The example in this section has shown you how to create objects and apply policies to them. Specifically, it showed you how to protect DB2 resources by controlling whether a root user can switch to a DB2 instance user. This ability to control root account use is one of the key features of TAMOS.
I am Neha Jain and I am a part of the IBM India Software Labs since July 2009. I graduated in Bachelors of Computer Science & Engineering in 2009. The 2.5 years in more in IBM have been a rewarding journey and I look forward to being a much more active participant in the community of developers around the globe. I am a part of the WebSphere group and have been in the test team and currently a part of development team. I have presented at several internal conferences like RTLE(Regional Technical Leader's Exchange), WIT(Women In Technlogy) forums and DeveloperWorks webinar on SOA Governance. I have authored a couple of developerWorks articles. Besides this I am an IBM Certified SOA Associate and an Oracle Certified Programmer for Java Programming (formally known as SCJP).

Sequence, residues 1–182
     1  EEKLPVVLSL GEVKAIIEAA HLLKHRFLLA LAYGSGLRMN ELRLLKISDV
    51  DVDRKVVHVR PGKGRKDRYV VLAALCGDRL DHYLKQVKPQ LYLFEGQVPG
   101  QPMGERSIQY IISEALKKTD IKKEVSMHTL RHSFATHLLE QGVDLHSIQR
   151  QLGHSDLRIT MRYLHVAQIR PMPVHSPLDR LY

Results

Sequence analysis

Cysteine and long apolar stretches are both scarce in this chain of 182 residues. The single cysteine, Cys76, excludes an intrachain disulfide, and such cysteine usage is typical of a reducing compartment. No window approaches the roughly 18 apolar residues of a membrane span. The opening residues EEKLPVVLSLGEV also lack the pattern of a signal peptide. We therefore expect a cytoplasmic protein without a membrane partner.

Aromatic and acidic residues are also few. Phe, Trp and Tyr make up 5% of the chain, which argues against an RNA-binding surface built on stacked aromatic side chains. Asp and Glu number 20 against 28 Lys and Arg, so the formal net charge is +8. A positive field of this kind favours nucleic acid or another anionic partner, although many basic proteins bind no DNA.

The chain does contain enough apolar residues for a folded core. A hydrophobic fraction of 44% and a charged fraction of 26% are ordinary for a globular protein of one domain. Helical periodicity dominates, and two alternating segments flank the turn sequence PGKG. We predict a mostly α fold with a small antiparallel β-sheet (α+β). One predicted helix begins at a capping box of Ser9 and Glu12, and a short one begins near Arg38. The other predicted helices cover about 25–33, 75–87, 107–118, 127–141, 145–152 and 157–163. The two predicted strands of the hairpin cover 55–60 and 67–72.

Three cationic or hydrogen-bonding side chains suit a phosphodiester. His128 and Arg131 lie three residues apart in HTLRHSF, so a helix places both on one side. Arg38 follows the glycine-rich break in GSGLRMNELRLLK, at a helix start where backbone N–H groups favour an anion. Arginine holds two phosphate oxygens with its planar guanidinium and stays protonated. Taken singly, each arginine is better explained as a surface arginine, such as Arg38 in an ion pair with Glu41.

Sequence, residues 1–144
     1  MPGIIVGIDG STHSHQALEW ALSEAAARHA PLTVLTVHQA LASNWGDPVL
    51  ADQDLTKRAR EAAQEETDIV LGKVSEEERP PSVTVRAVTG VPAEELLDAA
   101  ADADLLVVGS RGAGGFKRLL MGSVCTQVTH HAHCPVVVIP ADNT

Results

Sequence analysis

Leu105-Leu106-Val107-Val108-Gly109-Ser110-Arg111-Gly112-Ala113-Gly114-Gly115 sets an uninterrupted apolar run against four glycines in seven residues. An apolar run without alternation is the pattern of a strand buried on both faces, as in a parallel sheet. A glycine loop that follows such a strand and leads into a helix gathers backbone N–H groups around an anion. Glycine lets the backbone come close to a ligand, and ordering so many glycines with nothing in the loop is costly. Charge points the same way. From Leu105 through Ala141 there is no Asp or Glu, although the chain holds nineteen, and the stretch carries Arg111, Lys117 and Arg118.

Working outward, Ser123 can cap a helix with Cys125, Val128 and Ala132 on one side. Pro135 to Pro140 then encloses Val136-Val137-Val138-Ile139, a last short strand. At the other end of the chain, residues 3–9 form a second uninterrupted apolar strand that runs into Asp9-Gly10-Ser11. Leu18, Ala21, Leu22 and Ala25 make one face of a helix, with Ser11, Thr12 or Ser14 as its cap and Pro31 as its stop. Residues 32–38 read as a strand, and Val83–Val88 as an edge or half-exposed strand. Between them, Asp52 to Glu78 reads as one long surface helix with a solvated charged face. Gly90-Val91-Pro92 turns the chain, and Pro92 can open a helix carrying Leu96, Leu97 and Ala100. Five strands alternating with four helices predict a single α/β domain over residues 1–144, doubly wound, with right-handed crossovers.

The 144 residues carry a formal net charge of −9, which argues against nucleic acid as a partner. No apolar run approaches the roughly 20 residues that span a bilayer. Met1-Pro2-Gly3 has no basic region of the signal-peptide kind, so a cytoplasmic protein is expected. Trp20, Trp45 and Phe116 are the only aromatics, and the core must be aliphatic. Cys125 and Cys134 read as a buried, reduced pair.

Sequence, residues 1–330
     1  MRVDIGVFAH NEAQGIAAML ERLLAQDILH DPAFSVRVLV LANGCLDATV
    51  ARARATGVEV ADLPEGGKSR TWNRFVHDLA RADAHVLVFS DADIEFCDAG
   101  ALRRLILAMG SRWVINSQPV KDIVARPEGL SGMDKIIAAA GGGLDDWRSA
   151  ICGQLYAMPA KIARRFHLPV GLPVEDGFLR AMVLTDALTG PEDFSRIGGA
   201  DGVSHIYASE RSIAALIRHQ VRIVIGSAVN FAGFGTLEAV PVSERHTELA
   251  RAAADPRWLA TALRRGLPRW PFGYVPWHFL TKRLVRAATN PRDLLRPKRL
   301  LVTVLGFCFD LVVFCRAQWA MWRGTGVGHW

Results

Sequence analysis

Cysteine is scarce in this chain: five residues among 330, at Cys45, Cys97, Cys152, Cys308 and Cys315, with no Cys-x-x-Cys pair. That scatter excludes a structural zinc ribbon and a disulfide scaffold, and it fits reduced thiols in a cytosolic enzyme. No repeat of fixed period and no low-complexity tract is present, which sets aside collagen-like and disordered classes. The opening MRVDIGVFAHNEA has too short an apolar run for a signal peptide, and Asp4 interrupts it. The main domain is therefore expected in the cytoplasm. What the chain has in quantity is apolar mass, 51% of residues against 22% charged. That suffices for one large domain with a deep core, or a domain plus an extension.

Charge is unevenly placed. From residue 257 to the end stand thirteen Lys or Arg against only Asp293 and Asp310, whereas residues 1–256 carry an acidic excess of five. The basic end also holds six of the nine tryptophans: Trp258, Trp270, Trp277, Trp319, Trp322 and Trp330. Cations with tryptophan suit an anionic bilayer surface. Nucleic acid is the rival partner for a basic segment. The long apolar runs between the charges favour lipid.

I try to bring a lot of passion to the work I do everyday and not do it as a chore. Besides that my art hobbies and my faith keep me on track and help me maintain a balance.
As women, creation is something we have been endowed with naturally, similarly creating a new piece of code from scratch or improving something in an existing code, or solving problems for customers who are facing issues bring immense joy, something which can only be felt when you do it.
As freshers from college we have immense amount of hopes accompanied by some fears about the corporate life ahead. As women in technology, it is our responsibility to carve a niche for ourselves. If we keep on complaining and pitying ourselves, the world will see us in that light. But if we stand up and be a change, we are bound to be treated with the same respect. Respect in work comes in the way you face the challenges ahead of you and in the way you code, create or manage to be a change. And this spirit to never give up no matter what comes from a balance in all aspect of our lives.